There are also new merchandise departments within the area, such as sports and swimwear and a lot more point-of-sale material, with colour photography and graphics being used to identify each department. And, as noted on the balcony overlooking the main food and general merchandise floor, there are mannequins, whether it’s the lower torsos used to add a little interest to the denim shop, or the full-size headless version that can be seen sporting a Sainsbury’s two-piece suit in the men’s area.
The landscaping and layout of the clothing departments is the outcome of work conducted by Sainsbury’s with design consultancy Household and works to make a large space digestible and relatively attractive.
Adjacent to all of this is the cafe, a large space that in spite of a long white counter looks a little back-of-house, probably owing to the high ceiling and standard fluorescent lighting overhead.
Heading down the travelator and turning right, the shopper is plunged into the store’s general merchandise area. This has everything from toasters and kettles, to an O2 mobile phone store concession, created by consultancy JHP. It would be beyond the ambit of this magazine to detail the many different merchandise elements that make up this part of the store, but a highlight has to be the technology department and the seasonal Halloween area, although Sainsbury’s has a long way to go before it can catch up with Asda and Tesco in this category.
There is also the matter of adjacencies. It’s one thing to have a technology department, another to be forced to locate it at the point where general merchandise ends and food begins, at the back of the shop.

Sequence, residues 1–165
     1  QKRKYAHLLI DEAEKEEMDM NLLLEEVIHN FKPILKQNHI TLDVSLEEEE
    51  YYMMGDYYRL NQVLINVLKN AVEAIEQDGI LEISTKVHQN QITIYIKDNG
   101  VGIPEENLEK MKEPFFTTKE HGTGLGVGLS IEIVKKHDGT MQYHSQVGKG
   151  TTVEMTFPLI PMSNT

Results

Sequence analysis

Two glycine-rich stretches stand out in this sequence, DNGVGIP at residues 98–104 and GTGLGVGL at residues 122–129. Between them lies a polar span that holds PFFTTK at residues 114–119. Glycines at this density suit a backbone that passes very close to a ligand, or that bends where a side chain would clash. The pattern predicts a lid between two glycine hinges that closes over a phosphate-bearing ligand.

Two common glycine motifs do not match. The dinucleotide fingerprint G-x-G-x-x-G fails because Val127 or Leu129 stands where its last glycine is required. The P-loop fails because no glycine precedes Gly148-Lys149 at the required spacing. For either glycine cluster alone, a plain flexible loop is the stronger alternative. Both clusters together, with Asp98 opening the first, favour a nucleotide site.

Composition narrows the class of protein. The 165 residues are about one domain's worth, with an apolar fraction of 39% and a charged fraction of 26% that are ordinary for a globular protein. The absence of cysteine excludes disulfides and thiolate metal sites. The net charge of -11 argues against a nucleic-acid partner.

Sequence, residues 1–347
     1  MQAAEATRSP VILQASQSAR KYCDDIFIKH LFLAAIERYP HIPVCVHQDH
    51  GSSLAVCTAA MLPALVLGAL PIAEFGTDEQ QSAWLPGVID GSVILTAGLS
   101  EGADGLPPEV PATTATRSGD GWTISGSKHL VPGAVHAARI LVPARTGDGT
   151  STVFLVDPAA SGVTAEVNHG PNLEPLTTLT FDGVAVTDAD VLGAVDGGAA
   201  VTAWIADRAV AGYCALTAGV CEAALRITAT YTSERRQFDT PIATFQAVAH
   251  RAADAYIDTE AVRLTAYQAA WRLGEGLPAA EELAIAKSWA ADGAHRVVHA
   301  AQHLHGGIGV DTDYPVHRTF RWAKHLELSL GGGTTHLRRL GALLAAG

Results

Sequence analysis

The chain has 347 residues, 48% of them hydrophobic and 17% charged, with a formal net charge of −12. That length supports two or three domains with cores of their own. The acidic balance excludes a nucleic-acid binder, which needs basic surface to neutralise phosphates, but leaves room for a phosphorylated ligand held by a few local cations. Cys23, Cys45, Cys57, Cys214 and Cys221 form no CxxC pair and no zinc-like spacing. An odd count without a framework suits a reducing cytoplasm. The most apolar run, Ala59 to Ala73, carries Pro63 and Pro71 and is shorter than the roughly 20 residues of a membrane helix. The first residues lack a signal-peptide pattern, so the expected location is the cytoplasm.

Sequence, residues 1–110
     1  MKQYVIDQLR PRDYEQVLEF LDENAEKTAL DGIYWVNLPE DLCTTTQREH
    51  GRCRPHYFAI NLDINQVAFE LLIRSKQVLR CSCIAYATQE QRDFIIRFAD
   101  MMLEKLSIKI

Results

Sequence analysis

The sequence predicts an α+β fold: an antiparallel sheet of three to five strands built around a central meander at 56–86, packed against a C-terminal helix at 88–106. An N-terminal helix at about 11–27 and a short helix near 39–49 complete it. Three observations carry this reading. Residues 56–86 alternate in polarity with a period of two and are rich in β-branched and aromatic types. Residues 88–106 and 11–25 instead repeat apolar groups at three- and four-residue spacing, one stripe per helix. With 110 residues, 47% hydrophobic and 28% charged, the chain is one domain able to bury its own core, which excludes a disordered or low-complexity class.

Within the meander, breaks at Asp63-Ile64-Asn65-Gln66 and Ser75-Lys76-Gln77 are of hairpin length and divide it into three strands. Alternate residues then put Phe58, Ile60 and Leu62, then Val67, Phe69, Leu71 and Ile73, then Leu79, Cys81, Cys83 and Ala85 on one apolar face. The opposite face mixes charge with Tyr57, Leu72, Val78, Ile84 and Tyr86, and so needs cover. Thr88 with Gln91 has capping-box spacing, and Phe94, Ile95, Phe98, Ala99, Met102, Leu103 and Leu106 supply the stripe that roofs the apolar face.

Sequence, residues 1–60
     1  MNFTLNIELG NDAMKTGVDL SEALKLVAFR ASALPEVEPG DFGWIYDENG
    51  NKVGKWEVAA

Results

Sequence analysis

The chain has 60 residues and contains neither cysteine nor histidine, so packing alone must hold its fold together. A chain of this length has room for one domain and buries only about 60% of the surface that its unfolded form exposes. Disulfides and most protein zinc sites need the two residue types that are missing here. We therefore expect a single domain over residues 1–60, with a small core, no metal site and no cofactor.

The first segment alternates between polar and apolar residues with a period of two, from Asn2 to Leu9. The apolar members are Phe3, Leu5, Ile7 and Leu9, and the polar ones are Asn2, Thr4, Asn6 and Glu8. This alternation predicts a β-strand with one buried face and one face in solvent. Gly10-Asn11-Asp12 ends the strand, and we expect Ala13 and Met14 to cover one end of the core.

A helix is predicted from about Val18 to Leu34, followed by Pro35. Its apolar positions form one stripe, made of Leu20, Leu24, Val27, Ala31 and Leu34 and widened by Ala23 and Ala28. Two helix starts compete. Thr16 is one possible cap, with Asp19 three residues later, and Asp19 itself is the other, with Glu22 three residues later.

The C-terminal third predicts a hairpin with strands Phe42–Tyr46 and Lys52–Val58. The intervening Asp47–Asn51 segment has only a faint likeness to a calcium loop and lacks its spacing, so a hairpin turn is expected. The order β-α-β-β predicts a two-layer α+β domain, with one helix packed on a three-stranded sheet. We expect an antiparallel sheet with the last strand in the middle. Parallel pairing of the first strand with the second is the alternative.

Practically, this means that as TVs and suchlike end, there is fish. Yes, the fish counter, one of several fresh food and food-to-go counters located along the store’s back wall, is cheek-by-jowl with the slick apparatus of modern living. “It is one of the more interesting adjacencies, but then you have to have a break somewhere,” as Coupe notes.
Beyond this, it’s food all the way, with the exception of a smattering of baby clothes, which have been dual-sited on a ground floor aisle (next to nappies) and on the mezzanine upstairs, and a pharmacy shop.
Sainsbury’s has worked with its long-term design partner Twelve Studio on the ground floor and the layouts make sense and the area is easily navigated thanks to large single-word beacons overhead. This may be a big space, but when it comes to finding your way around, it’s pretty much child’s play.
So where does this leave the press office and its statement about this being the biggest Sainsbury’s store to date? Given its size, an argument could be that it’s the greenest store in the retailer’s portfolio in terms of the amount of energy that will have been saved thanks to the whizzy devices used to recycle the chilled air in the store and the 15 200 metre-deep boreholes underneath the car park that are used to heat water.
There are in fact a number of superlatives that could be produced when talking about this store relative to the rest of the Sainsbury’s estate, but probably rather more pertinent is the fact that it represents another step forward in the continuing story of Sainsbury’s in-store development. Crayford is a stepping stone and it seems certain that the next two 100,000 sq ft stores, in Lincoln and Stanway in Essex, will add to what is on display here. Every little helps, as somebody once said.
Size 100,000 sq ft
Food/general merchandise/clothing split 45,000 sq ft for food: 25,000 sq ft GM: 20,000 sq ft clothing
Opening date September 29
Design Sainsbury’s in-house team working with Twelve Studio, Household and Pope Wainwright